(CNN)Eliud Kipchoge views his sub-two hour marathon attempt next month as akin to taking a giant leap for mankind — or in the case of the Kenyan runner, make that over tens of thousand of steps for mankind.
Two years ago Kipchoge — assisted by a lead car and 30 supporting pacing runners — set the fastest ever unofficial marathon time of 2:00:25 on the Monza motorsport track In Italy.
In October, Kipchoge will once again attempt to run a sub two-hour marathon at the INEOS 1:59 Challenge in Vienna — on a six mile flat stretch of tree-lined avenue that the runner will cover 4.5 times — a feat he likens to man “standing on the moon.”
“I think it will be on the same place as standing on the moon, going up the tallest mountain or going into the middle of the ocean,” Kipchoge said from his training camp in Kaptagat. “This is another historic moment in sport.
“There is making history and there is making a mark on the sport. It’s like the first man to go to the moon. To be the first man to run under two hours, it’s critical.”
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More than him
At the 2018 Berlin Marathon, he set a new world record time for a marathon with a time of 2:01:39.
He also holds the course records at the Hamburg, London and Berlin marathon.
And if he can run those 26.2 miles in under two hours — and Kipchoge has “no doubts” he will run a marathon in under two hours — he says his latest record breaking attempt will send a powerful message to the world.
“It will mean a lot when I run under two hours, when I leave a very pure, clean and positive history by running under two hours,” Kipchoge said.
“My main focus is to pass the message onto more than three billion people in this world that no human is limited, and the only way is by running under two hours.
“And I hope they will all look on this achievement and be happy with their families and with their professions, with their daily life and above all, they will keep on running.”
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Learning from mistakes
While October 12 has been outlined as the date for the attempt, there is an eight-day window until October 20 where he could make the attempt dependent on weather conditions.
Vienna was chosen primarily as it is usually mild, sunny, and not particularly hot at that time of year.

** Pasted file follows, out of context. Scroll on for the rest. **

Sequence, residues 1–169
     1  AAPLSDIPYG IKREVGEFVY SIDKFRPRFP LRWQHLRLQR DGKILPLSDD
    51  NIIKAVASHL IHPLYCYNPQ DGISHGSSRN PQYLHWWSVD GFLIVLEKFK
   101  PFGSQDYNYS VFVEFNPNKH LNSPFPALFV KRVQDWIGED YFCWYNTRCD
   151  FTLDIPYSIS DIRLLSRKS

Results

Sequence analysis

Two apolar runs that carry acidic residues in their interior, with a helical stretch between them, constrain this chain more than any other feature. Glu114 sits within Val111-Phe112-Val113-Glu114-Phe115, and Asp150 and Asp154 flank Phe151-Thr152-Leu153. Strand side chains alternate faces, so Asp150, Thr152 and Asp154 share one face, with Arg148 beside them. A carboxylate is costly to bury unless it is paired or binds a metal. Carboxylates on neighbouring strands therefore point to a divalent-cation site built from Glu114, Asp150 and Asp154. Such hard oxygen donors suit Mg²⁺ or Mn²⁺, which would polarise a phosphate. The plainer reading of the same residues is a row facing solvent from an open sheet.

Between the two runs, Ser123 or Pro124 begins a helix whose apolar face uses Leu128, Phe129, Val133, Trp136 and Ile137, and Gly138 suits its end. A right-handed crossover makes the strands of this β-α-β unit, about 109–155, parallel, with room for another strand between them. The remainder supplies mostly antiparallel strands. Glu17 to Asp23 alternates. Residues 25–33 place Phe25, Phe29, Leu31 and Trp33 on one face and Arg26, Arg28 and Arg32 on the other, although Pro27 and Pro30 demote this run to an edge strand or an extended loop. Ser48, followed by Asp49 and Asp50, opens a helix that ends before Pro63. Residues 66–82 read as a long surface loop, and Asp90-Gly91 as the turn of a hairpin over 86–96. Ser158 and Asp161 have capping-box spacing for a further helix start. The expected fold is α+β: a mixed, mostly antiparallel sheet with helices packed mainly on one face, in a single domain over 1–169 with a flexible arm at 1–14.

The use of runners and waiting for favorable weather conditions has led to some criticism of Kipchoge’s record attempt.
“So I get the excitement and I share the excitement, but only if it happens organically in a real situation,” leading sports scientist Ross Tucker told CNN Sport.
“This attempt is effectively being done in a lab, not the real world. It is an exciting experiment and I look forward to seeing the results.”
Kipchoge has been preparing for the Vienna run back in his homeland near to his birthplace of Nandi County, which is also home to many world record holders in athletics, including Kipchoge Keino, Pamela Jelimo and Conseslus Kipruto.
Training for the 1:59 Challenge for Kipchoge has been similar to his preparation for other marathons — which involves running between 200-220km a week in preparation — and the Kenyan will arrive in Vienna one week before the race window opens.
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But while his running workload is as intense as ever, it is the difference in his training for his mind that Kipchoge believes will be key to going under two hours.
“Nothing much has changed, the training is the same, the strength, the speed,” Kipchoge said.
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“But what has changed is the mental preparation. I’m now enjoying a free mind and above all, I’m enjoying a great experience. Last time when I tried to run in Monza, I was like a boxer going to the ring, not knowing what will happen.
“But this time, I am feeling superb and I know what will happen: I will break the two-hour barrier.”